Storytime – Monsters

I have been looking forward to doing a Monsters-themed storytime for quite awhile. There are so many adorable Monsters books just begging to be read aloud! So I was really excited to get the chance to finally try this one out–and this time around I got to do it multiple times, as it happened to fall during the week that I bring storytime to several of the area preschools and daycare centers.

Each time I introduced the theme, I got mixed reactions when I told the kids our storytime was all about monsters… Some kids cheered while others looked a little wary. I assured the latter that we would only be reading about silly monsters, not scary monsters.

Monsters 4

Letter of the Week: CMonsters 9

  • Cookie – I laminated an image of a scrumptious looking chocolate chip cookie, had the kids identify what kind of cookie it was, and asked for a raise of hands how many people liked chocolate chip cookies (In case you were wondering, the consensus was that kids and librarians LOVE chocolate chip cookies).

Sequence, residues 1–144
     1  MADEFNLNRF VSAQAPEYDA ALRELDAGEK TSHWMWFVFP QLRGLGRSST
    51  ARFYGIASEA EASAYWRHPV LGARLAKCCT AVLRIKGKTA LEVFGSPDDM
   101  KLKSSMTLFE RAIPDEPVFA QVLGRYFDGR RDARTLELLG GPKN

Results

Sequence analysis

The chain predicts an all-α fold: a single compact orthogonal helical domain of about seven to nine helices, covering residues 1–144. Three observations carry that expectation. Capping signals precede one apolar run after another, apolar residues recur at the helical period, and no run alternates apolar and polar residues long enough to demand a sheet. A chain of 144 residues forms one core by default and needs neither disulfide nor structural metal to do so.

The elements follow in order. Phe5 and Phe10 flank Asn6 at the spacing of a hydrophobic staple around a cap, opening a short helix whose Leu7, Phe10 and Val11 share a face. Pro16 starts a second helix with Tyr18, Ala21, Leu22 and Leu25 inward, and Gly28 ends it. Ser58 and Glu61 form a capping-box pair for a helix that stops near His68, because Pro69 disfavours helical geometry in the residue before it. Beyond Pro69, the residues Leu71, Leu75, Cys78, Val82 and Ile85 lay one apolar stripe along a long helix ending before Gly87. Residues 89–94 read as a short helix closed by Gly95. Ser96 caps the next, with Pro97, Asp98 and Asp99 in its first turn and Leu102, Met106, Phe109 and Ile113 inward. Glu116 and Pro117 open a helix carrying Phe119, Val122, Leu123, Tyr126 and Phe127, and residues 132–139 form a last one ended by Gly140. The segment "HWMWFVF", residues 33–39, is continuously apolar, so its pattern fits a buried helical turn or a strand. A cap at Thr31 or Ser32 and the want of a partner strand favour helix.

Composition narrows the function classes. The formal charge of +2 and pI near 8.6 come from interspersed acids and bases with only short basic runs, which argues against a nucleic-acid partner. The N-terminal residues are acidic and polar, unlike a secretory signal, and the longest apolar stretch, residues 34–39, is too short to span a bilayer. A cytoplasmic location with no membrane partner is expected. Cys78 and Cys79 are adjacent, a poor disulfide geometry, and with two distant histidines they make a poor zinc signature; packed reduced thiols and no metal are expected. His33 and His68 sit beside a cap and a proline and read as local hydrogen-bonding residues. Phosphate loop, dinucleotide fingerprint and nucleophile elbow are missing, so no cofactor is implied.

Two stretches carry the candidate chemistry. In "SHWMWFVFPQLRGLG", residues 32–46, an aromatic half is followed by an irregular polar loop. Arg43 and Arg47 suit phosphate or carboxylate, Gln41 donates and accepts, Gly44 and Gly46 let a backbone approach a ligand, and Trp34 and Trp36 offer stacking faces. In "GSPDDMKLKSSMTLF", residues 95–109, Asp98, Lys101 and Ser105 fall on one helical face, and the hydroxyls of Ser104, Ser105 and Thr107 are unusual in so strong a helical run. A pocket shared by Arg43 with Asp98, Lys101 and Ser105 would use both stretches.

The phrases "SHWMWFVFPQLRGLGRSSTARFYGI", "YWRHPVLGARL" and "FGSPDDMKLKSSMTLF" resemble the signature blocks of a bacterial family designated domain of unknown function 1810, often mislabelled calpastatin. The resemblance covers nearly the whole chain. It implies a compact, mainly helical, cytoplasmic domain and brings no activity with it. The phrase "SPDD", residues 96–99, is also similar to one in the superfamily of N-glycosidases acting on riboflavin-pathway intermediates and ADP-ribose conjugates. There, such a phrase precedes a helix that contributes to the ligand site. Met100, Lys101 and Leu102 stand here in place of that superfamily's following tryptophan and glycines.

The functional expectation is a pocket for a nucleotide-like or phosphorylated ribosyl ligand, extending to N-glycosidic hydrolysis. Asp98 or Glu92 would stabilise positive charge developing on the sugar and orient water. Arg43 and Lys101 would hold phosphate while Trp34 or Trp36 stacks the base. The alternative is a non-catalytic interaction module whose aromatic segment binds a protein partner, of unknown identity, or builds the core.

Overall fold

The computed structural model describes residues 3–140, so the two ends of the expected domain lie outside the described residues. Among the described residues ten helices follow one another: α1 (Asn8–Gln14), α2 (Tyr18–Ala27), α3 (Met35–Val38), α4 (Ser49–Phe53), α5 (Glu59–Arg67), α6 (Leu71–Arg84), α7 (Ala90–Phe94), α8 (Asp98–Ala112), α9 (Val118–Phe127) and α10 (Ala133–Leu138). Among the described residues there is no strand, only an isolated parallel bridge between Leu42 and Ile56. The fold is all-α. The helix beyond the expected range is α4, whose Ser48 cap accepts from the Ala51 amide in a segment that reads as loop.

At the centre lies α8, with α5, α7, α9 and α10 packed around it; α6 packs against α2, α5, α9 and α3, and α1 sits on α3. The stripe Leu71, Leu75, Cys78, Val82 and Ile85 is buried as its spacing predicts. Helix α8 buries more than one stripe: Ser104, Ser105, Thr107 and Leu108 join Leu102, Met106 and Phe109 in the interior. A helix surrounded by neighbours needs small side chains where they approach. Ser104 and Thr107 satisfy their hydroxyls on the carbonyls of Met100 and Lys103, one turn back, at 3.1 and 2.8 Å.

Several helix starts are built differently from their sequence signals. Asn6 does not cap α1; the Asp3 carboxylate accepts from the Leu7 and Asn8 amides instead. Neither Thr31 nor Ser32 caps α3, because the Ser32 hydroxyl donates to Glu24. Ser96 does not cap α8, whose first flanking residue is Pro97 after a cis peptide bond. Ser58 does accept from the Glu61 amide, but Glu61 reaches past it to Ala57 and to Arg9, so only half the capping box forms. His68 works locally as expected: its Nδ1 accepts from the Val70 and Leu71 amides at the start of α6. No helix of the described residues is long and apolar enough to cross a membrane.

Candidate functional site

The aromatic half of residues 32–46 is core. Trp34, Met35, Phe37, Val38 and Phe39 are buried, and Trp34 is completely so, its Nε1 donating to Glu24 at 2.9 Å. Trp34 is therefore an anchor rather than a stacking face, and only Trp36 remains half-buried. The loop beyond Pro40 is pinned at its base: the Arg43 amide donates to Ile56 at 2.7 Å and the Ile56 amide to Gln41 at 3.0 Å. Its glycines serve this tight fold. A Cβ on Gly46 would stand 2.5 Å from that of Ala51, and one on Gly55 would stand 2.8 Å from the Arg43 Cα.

• Crayon – We also determined the color of the crayon–purple!
  • Comb – A little trickier… Many kids were stuck on the word “brush”Monsters 7
  • Crocodile – The kids loved Mr. Crocodile, and to their squealing delight my goodbye somehow ended up being bringing him back to “snap” their fingers (I am quickly realizing that kids are often amused by the simplest things!).

Book 1: Spike the Mixed-up Monster by Susan Hood

I love this book because it is not only a sweet story about a tiny “monster” with small-man syndrome, but it includes some Spanish words, shows the power of kindness, and has a section in the back with photographs and descriptions of the animals in real life. The kids enjoyed baring their teeth along with Spike as he did his “monster moves.”

Puppet activity: “Go Away, Big Green Monster!”